Details of VRML are described illustratively in “VRML: Browsing & Building Cyberspace” (by Mark Pesce; 1995, New Readers Publishing, ISBN 1-56205-498-8) and in “Latest Trends of VRML and CyberPassage” (articles by Koichi Matsuda and Yasuaki Honda in a Japanese periodical “bit” published by Kyoritsu Shuppan Co., Ltd., 1996; Vol. 28, No. 7, pp. 29–36; No. 8, pp. 57–65; No, 9, pp. 29–36; No. 10, pp. 49–58).
When a file described in VRML-compatible file format is transferred from a server to a user's personal computer and processed by browser, a three-dimensional virtual space is computed on the basis of VRML data. The 3D virtual space thus computed is allowed to appear on a display of the user's personal computer.
A LAN (Local Area Network) 9 hooked up to the Internet 7 through a router 8 is connected with a WWW server 10, a WLS (World Location Server) 11, a shared server 12, AO (Application Object) servers 13 and 14, a mail server 15, and a communication server 16. These servers 10 through 16 are furnished with hard disk drives (HDD) 10 a, 10 b, 11 a through 16 a, respectively.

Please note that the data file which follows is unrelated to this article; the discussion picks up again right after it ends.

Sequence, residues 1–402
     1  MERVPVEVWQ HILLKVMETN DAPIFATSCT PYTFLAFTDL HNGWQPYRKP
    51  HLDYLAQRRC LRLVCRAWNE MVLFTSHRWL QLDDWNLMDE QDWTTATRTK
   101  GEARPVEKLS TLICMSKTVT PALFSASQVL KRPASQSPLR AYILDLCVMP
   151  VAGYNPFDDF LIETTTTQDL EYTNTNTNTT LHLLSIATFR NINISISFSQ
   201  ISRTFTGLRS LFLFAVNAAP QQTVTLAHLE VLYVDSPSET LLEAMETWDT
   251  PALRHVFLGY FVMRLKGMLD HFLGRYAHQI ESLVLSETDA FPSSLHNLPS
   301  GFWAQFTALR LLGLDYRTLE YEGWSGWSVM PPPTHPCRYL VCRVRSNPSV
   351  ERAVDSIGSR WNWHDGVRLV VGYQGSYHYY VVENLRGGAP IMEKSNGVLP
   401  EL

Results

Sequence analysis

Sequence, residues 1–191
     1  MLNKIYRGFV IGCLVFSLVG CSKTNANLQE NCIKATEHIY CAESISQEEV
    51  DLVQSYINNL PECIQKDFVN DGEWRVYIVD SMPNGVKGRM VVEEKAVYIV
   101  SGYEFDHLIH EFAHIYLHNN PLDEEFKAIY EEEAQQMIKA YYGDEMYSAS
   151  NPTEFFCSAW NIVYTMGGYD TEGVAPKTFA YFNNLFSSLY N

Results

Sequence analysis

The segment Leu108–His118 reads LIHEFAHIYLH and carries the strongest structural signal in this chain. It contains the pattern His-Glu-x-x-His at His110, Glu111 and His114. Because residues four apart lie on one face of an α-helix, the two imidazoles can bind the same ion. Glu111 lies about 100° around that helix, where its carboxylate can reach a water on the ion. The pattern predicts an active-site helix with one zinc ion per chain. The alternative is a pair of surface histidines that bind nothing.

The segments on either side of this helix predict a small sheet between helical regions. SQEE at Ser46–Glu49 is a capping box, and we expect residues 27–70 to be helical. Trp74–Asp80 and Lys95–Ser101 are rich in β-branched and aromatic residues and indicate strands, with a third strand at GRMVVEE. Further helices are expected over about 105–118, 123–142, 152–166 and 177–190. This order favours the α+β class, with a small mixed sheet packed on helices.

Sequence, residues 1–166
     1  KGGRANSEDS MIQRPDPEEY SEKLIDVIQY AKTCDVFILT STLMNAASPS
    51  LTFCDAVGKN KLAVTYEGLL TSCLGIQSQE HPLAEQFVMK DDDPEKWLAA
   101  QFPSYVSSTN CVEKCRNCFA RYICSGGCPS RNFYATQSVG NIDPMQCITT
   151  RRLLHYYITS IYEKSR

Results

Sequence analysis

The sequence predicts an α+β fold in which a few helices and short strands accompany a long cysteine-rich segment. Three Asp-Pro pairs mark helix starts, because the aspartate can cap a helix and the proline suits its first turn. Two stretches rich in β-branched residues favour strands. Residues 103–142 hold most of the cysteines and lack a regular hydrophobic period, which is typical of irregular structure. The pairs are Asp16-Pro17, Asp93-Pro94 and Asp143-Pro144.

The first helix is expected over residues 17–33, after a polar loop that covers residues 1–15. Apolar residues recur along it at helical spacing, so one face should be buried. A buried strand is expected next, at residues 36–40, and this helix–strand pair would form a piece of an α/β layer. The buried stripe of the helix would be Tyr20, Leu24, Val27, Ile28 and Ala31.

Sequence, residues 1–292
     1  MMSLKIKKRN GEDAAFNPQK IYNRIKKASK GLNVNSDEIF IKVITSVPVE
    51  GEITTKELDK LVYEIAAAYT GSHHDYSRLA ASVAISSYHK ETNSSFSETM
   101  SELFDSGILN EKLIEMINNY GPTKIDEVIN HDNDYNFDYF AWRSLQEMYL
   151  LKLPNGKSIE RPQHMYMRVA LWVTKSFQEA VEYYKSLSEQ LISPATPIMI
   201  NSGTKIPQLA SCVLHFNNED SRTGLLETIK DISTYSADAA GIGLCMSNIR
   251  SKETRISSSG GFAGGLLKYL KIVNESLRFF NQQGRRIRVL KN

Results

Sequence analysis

The communication server 16 is connected to telephone sets 18 and facsimile machines 19 via a public switched telephone network 17; to PHS (Personal Handyphone System) terminals 23 wirelessly via a PHS service provider 20; and to pager terminals 24 wirelessly via a pager service provider 21.
In operation, Netscape Navigator, a WWW browser operating on Windows 95 (trademark of Microsoft Corporation of the United States); a Java interpreter; and Community Place Browser, a VRML 2.0 browser developed by Sony Corporation, are read into the RAM 46. Once placed in the RAM 46, these programs are ready to be run by the CPU 30.
The VRML 2.0 browser incorporates QvLib, i.e., a VRML parsing library (parser) developed by Silicon Graphics Inc. of the United States and offered free of charge; RenderWare, a software renderer provided by Criterion Software Ltd. of the United Kingdom; or a parser and a renderer having functions equivalent to those of the cited.